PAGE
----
The National Aeronautics and Space Administration (NASA) has announced a project where it is inviting everyone to help in programming its Mars rover, Perseverance. The project is called AI4Mars, and simply put, the simple goal is to speed up the ability for NASA operators to instruct its rover better on the Red Planet. The crowdsourcing project is now live, and is designed as a way for space enthusiasts and self-proclaimed explorers to feel closer to the agency’s space missions.
AI4Mars is solely focused on improving the ability for NASA ground operators to navigate the kind of data that its Perseverance rover returns on a daily basis. This daily data dump includes up to hundreds of images of the Martian terrain, which scientists and operators then use to understand the planet better. This, in turn, also allows them to give clearer instructions to the AI algorithm on board Perseverance, which then uses the fed-in data to better gauge the Martian surface in future explorations.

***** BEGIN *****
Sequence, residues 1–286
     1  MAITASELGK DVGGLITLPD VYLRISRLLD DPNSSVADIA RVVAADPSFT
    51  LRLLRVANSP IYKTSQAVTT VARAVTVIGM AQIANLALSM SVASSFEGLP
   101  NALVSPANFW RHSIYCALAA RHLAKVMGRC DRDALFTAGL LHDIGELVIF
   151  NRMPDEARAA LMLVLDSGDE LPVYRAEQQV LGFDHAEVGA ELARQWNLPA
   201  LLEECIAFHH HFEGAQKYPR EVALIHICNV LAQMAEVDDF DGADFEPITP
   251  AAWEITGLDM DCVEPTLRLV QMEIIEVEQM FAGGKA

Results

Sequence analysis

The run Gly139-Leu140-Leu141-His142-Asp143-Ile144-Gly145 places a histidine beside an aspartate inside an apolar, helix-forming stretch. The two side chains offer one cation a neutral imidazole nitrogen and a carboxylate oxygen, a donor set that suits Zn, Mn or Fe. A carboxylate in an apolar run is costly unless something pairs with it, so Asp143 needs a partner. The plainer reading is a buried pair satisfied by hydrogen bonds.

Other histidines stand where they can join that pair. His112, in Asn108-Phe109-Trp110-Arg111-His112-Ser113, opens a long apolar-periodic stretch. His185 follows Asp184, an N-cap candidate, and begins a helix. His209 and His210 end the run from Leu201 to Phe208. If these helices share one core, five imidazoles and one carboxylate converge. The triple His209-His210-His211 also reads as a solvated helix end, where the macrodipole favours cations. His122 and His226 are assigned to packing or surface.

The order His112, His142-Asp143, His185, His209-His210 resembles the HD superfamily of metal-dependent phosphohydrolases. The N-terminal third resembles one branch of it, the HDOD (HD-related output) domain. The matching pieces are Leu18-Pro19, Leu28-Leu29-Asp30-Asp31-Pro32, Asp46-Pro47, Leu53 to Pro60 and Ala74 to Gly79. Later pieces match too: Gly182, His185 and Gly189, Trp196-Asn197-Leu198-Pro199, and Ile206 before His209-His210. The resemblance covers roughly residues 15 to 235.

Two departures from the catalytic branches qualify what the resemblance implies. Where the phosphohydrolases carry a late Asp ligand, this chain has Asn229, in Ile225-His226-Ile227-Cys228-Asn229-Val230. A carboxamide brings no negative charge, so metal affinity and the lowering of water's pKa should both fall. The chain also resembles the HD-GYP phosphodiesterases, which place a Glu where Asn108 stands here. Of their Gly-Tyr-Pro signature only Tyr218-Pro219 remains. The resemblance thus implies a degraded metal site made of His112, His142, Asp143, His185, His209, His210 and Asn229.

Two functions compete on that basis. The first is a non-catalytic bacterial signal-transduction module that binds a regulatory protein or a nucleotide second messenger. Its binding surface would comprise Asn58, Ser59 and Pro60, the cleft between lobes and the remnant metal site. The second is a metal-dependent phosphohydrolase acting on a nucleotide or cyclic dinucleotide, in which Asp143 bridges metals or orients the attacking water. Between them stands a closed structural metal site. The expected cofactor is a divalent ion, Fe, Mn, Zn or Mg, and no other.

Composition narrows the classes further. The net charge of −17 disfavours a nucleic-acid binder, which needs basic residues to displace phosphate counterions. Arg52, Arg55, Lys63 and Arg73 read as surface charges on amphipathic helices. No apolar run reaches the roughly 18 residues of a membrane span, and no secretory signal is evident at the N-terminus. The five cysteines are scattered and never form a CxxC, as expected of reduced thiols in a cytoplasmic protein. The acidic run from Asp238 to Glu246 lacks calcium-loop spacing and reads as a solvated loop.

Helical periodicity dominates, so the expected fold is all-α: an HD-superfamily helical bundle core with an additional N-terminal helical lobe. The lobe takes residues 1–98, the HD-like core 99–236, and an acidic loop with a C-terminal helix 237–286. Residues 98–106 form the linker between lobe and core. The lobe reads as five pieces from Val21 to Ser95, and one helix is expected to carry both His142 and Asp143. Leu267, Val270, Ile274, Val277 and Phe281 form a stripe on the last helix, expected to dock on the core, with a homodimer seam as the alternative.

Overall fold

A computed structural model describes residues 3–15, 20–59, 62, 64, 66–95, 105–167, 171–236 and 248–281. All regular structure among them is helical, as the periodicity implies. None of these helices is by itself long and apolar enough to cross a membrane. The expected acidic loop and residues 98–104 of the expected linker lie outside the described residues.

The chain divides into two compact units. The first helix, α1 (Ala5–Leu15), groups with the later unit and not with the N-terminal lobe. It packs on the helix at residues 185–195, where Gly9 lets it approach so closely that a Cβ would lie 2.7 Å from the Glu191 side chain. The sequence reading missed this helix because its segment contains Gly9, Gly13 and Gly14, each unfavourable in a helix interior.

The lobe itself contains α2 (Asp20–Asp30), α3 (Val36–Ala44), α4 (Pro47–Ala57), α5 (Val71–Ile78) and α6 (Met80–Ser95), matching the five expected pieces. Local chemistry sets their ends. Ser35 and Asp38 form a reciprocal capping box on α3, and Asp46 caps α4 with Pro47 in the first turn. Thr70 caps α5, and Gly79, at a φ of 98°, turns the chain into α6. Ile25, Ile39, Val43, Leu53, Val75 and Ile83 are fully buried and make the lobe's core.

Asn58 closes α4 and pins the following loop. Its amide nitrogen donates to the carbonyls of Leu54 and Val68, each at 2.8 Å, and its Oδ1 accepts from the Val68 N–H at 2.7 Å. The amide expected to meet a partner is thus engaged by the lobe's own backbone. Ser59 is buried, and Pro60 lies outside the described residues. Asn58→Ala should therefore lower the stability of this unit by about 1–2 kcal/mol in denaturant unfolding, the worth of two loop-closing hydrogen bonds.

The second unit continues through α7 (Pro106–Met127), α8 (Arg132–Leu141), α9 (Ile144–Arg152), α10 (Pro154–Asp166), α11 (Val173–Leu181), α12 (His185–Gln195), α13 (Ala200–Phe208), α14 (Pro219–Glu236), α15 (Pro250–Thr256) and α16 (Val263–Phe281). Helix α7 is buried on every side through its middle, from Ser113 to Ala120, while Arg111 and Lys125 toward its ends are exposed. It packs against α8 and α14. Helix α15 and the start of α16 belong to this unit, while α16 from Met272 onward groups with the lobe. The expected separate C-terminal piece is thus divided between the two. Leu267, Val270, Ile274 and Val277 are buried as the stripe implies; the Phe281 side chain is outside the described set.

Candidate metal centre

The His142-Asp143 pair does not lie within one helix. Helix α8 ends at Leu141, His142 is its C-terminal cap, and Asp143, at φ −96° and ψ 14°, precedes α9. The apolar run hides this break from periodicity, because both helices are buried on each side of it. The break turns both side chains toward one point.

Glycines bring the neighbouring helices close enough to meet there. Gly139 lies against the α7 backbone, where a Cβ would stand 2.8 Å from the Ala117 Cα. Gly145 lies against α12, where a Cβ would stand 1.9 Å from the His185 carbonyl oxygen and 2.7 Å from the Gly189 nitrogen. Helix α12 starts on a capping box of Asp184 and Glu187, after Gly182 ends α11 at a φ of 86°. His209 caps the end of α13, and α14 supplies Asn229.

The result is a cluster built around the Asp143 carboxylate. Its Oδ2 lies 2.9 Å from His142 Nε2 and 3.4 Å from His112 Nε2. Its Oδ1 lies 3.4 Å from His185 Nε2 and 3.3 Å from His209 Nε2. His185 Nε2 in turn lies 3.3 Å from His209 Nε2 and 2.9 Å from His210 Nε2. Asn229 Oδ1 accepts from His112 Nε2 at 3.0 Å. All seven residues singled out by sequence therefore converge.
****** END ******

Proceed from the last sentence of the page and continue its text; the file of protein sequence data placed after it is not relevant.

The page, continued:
With AI4Mars, NASA is now uploading a wide variety of the images returned by the rover to give viewers a chance to help out. Once a viewer sees it, they can then help add labels to the Martian soil. This exercise can make significant difference in terms of not just crowdsourcing expertise, but also in identifying terrain patterns that even NASA’s operators may have missed — or simply taken too long to spot. Viewers can add granular surface details through their labels as well, hence helping Perseverance better identify terrain alterations.
The programme is interestingly based on a tool that the previous Mars mission by NASA, dubbed Curiosity, gave birth to. The tool set is called ‘Soil Property and Object Classification’ (SPOC), and came into being with Curiosity in order to identify the Martian terrain and help operators navigate it significantly better than before.